Author + information
- Philippe Meurin, MD∗ (, )
- Sophie Lelay-Kubas, MD,
- Bernard Pierre, MD,
- Helena Pereira, MSc,
- Bruno Pavy, MD,
- Marie Christine Iliou, MD,
- Jean Louis Bussiere, MD,
- Helene Weber, MD,
- Jean Pierre Beugin, MD,
- Titi Farrokhi, MD,
- Anne Bellemain-Appaix, MD,
- Laura Briota, MD,
- Jean-Yves Tabet, MD,
- French Society of Cardiology
- ↵∗Les Grands Prés, 27 rue Sainte Christine, Villeneuve Saint Denis 77174, France
The incidence of pericardial effusion is high after cardiac surgery. It peaks at the end of the first post-operative week and usually decreases spontaneously. Tamponade occurs in 1% to 2% of patients. Early tamponade (occurring during the first 7 post-operative days) is due to surgical bleeding. However, most tamponade cases occur more than 7 days after surgery (1) and may develop slowly without clear-cut clinical signs in asymptomatic patients. This situation is disconcerting because patients often have been discharged from the hospital by this time.
Traditionally, inflammation is considered to be involved in these late post-operative pericardial effusion events, even though a randomized study (2) showed that nonsteroidal anti-inflammatory drugs were not effective for post-operative pericardial effusions persisting >7 days after surgery and preventing late cardiac tamponade. Colchicine is an anti-inflammatory drug that is effective in treating acute pericarditis (3). Furthermore, if colchicine is administered before or within 3 days after surgery, it helps prevent post-pericardiotomy syndrome, an inflammatory post-injury pericardial syndrome that usually mimics acute pericarditis, which often involves a small pericardial effusion and with an evolution that is usually spontaneously benign (4). However, colchicine has not been tested for actual post-operative pericardial effusions; therefore, whether the drug reduces their volume and prevents late cardiac tamponade is unknown. A high rate of gastrointestinal adverse effects and drug discontinuations limits the clinical applicability of colchicine in early perioperative care (4). This is why we performed a randomized, double-blinded, placebo-controlled, parallel-group study comparing the efficacy of colchicine and placebo in reducing (POPE) the volume of post-operative pericardial effusion in patients with post-operative effusion persisting >7 days after heart surgery (POPE study).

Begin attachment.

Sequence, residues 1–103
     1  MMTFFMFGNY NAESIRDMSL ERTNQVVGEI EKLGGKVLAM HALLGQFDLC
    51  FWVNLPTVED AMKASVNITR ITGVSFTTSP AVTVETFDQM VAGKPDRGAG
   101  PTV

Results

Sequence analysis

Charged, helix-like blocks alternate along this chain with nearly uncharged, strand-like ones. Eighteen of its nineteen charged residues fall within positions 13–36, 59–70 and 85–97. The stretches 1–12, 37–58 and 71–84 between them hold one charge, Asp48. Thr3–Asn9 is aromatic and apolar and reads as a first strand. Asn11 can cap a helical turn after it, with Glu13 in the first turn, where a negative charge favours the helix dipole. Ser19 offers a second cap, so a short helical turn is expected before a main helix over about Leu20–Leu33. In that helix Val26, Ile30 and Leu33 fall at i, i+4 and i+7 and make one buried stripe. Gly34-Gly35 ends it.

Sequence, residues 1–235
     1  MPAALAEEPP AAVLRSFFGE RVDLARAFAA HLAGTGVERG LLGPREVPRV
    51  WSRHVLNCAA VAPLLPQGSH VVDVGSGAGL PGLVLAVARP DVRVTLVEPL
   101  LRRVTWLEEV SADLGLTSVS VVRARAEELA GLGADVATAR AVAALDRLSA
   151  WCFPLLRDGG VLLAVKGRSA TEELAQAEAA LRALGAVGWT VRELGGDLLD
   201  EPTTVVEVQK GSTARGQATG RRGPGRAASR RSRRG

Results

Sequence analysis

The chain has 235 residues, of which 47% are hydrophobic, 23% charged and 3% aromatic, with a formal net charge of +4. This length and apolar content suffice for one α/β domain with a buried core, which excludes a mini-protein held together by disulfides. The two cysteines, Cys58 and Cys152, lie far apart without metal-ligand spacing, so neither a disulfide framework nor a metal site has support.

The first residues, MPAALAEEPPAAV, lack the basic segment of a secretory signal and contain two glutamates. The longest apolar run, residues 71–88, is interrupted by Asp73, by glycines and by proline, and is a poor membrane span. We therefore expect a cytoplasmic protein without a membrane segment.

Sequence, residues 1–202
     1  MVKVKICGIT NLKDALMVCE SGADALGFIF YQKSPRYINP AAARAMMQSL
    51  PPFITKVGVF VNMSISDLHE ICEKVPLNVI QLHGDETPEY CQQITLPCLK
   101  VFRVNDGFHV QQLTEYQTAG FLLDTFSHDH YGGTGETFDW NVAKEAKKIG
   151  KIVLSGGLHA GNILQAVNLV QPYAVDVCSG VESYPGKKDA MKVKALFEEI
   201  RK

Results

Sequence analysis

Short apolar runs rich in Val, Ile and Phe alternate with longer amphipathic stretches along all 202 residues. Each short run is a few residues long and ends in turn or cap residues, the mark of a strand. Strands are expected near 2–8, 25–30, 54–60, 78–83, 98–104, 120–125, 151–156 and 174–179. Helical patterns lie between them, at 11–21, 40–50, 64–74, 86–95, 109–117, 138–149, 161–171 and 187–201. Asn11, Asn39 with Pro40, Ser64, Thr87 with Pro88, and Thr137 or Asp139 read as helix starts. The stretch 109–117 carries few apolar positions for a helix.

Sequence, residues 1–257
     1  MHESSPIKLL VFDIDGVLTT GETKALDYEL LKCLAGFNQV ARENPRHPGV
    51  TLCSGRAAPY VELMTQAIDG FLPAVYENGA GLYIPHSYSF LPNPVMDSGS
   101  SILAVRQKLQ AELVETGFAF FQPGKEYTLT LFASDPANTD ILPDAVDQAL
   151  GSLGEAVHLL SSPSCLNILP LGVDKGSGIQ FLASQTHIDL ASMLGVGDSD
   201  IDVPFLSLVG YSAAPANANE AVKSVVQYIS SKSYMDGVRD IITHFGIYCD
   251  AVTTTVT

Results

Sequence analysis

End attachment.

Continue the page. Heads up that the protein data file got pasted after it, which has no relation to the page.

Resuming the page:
We performed a first transthoracic echocardiography in 8,140 consecutive patients 7 to 30 days after cardiac surgery. Pericardial effusions were classified into 4 grades, by size and site: grade 1 (minimal), loculated effusion <10 mm; grade 2 (moderate), loculated effusion 10 to 14 mm or circumferential effusion <10 mm; grade 3 (medium sized), loculated effusion 15 to 19 mm or circumferential effusion 10 to 14 mm; and grade 4 (large), loculated effusion ≥20 mm or circumferential effusion ≥15 mm. We included patients only if they showed pericardial effusion of grade 2 or worse (n = 252); 55 were excluded (mainly for consent refusal, indication for immediate pericardial drainage, or colchicine contraindication). Finally, 197 patients (172 were needed by assuming that the spontaneous decrease in mean pericardial effusion grade would be 0.6 grade ) were enrolled 16.2 ± 5.3 days after surgery: 98 were randomly assigned to receive colchicine, 1 mg per day, and 99 placebo, for 14 days. The primary endpoint was the difference between treatment groups in mean decrease in pericardial effusion grade from baseline by Mann-Whitney U test on an intent-to-treat basis for all 197 patients. Ten patients in the colchicine group and 3 in the placebo group stopped therapy before the end of the study because of new symptoms (mainly digestive) or late withdrawal of consent. However, we obtained baseline and follow-up echocardiograms and clinical follow-up for all.
The 2 groups did not differ in clinical characteristics, type of surgery, or background treatment. The mean age was approximately 64 years, and 86% were male. Surgeries performed were coronary artery bypass graft (n = 110), aortic valve replacement (n = 82), mitral valve surgery (n = 26), and ascending aorta replacement (n = 30); 50 patients had undergone combined surgeries.
Mean pericardial effusion grades at inclusion were 2.9 ± 0.8 and 3.0 ± 0.8 for the placebo and colchicine groups, respectively (p = 0.46), which confirms the large mean pericardial effusion volume at inclusion. The main endpoint, mean decrease in pericardial effusion grade from baseline, was −1.1 ± 1.3 and −1.3 ± 1.3, respectively (mean difference between groups −0.19; 95% CI: −0.55 to 0.16; p = 0.23) (Figure 1).
In conclusion, among patients with moderate to severe pericardial effusion persisting >7 days after cardiac surgery, colchicine administration did not have a significant effect on evolution of the effusion. (POPE-2 [Colchicine Treatment for Post-Operative Pericardial Effusion]; NCT01266694)
Please note: The French Society of Cardiology and the French Federation of Cardiology provided funding for this study, and Laboratoires Mayoly-Spindler provided colchicine and the matching placebo. The funding sources had no role in the design, conduct, and analysis of the study or decision to submit the manuscript. Dr Bellemain-Appaix has received research grants from Daiichi-Sankyo, Eli Lilly, Fédération Française de Cardiologie and Société Française de Cardiologie and lecture fees from AstraZeneca, Daiichi-Sankyo, Eli Lilly, Biotronik and consulting fees from Daiichi-Sankyo, Eli Lilly, and Biotronik. All other authors have reported that they have no relationships relevant to the contents of this paper to disclose.
- American College of Cardiology Foundation